"[Lot of 2] Carte du Mexique [and] Mexico",
Subject: Southwestern United States, Texas and Mexico
Period: 1821-43 (published)
Color: Hand Color
1) Carte du Mexique, Ambroise Tardieu, Paris, 1821, (9.8 x 15.3"), hand color. An early view of Texas, New Mexico, and Arizona while the region was still under Mexican control. The map extends north to the 42nd parallel into present day Utah, including the Great Salt Lake, here called Lac de Timpanogos. Numerous Indian tribes are identified, including the Apache, Navajo (Nijors), and the Papagos, but no mention of the Hopi or their mesas. In today's Arizona Tumacacori and the mission at S. Xavier are noted. Further east are Santa Fe and Taos. Named in Texas are S. Antonio, Chichi, S. Jose, and S. Saba. The map extends into southern Mexico showing Oaxaca and Tehuantepec near the border with Guatemala. The Gulf of California and all but the northern section of Baja California are shown. Full margins and fine impression. Small area of color smudge at lower left west of Baja, still very good. (A)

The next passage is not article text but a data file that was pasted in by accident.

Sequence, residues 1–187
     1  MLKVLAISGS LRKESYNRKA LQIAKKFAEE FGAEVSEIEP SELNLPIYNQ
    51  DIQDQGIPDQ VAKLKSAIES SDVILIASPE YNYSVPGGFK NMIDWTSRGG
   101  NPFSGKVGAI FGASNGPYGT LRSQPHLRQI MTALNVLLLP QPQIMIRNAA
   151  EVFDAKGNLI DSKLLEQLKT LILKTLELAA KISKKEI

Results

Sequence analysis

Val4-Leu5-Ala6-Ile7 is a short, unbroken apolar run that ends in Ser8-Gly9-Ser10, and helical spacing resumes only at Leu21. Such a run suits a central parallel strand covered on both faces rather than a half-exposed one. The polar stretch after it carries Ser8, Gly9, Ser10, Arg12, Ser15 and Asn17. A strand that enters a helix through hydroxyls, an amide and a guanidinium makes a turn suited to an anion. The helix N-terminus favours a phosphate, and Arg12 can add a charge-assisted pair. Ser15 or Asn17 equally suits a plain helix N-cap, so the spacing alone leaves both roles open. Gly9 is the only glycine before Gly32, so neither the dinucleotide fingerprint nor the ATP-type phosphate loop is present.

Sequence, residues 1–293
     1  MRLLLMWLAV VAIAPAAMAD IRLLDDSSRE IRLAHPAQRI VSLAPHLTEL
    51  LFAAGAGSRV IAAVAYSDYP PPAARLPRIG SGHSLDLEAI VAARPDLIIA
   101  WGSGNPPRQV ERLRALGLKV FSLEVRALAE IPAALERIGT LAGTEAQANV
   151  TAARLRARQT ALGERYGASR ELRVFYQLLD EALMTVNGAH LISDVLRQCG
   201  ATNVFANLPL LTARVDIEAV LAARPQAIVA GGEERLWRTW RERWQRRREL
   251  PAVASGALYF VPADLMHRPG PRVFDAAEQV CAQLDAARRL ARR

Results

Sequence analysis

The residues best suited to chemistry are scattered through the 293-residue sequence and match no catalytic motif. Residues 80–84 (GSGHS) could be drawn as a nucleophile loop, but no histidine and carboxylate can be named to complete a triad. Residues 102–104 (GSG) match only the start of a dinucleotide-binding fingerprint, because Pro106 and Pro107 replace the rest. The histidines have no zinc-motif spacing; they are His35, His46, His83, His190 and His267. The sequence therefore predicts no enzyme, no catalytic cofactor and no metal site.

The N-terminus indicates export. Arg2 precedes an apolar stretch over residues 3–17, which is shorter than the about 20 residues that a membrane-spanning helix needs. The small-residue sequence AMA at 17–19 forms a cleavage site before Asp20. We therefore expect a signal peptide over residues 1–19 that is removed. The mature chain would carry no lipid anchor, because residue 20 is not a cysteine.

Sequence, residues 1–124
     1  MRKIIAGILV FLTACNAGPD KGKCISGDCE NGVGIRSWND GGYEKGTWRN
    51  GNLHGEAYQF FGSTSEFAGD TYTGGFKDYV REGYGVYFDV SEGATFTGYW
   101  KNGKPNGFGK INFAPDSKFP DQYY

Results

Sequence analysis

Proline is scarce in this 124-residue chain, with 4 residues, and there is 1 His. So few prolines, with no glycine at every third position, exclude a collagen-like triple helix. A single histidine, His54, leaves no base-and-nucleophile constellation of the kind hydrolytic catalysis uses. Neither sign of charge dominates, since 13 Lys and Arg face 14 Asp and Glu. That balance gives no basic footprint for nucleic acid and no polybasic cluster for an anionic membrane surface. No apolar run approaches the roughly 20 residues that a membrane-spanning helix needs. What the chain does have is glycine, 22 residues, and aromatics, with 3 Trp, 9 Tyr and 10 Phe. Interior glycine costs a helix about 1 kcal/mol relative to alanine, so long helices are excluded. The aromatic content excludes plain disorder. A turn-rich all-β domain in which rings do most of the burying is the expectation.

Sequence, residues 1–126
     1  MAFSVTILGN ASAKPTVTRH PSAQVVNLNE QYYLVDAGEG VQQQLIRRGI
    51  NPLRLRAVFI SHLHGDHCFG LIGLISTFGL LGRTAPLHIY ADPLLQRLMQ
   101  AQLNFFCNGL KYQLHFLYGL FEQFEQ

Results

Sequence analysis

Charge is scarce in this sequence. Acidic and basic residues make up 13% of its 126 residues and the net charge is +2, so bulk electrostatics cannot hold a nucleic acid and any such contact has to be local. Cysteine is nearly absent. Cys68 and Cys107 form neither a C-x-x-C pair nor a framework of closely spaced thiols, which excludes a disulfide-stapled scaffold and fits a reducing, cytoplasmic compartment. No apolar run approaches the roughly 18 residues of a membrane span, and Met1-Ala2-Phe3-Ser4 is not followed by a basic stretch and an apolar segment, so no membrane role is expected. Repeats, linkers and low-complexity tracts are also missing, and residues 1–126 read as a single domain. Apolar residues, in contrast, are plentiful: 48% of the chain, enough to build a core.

2) Mexico, Morse & Breese, New York, 1843, (15 x 12") printed color. A very nice, unfolded example of this early cerographic map with full printed yellow coloring. Wheat notes that this is the same map as published by the company in 1842. California and the western states are controlled by Mexico and shown as New California. Texas is Independent and the settlements of Austin, Houston, Nacogdoches, and S. Antonio de Bexar are located. This pre-Fremont map shows a large swamp in the area of today's Great Basin with rivers flowing across its expanse. The Great Salt Lake is here named L. Youia (salt) with the American Fur Depot on its eastern shore. With a large inset map "Central America and Yucatan." Full margins and dark impression. (A)
References: #2 - Wheat (TMW) #469.
See individual descriptions.